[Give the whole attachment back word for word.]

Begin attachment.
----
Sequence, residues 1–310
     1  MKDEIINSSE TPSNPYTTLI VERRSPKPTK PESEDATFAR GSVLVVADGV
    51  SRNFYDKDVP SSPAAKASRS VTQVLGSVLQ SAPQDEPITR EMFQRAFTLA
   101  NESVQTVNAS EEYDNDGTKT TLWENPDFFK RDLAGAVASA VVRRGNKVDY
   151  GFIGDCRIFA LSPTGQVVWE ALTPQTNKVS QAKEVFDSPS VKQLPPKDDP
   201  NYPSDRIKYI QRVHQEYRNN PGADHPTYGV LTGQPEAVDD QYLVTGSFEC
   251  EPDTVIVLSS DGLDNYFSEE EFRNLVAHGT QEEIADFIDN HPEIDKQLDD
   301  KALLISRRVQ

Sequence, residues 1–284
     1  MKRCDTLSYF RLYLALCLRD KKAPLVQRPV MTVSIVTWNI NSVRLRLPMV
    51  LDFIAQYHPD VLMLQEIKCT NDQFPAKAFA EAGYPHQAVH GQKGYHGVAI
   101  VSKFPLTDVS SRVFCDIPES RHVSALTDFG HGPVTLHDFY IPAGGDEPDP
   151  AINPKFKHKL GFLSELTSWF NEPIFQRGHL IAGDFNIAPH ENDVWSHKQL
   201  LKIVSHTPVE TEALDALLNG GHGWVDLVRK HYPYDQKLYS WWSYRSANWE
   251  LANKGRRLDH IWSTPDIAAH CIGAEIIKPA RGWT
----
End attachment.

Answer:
Sequence, residues 1–310
     1  MKDEIINSSE TPSNPYTTLI VERRSPKPTK PESEDATFAR GSVLVVADGV
    51  SRNFYDKDVP SSPAAKASRS VTQVLGSVLQ SAPQDEPITR EMFQRAFTLA
   101  NESVQTVNAS EEYDNDGTKT TLWENPDFFK RDLAGAVASA VVRRGNKVDY
   151  GFIGDCRIFA LSPTGQVVWE ALTPQTNKVS QAKEVFDSPS VKQLPPKDDP
   201  NYPSDRIKYI QRVHQEYRNN PGADHPTYGV LTGQPEAVDD QYLVTGSFEC
   251  EPDTVIVLSS DGLDNYFSEE EFRNLVAHGT QEEIADFIDN HPEIDKQLDD
   301  KALLISRRVQ

Sequence, residues 1–284
     1  MKRCDTLSYF RLYLALCLRD KKAPLVQRPV MTVSIVTWNI NSVRLRLPMV
    51  LDFIAQYHPD VLMLQEIKCT NDQFPAKAFA EAGYPHQAVH GQKGYHGVAI
   101  VSKFPLTDVS SRVFCDIPES RHVSALTDFG HGPVTLHDFY IPAGGDEPDP
   151  AINPKFKHKL GFLSELTSWF NEPIFQRGHL IAGDFNIAPH ENDVWSHKQL
   201  LKIVSHTPVE TEALDALLNG GHGWVDLVRK HYPYDQKLYS WWSYRSANWE
   251  LANKGRRLDH IWSTPDIAAH CIGAEIIKPA RGWT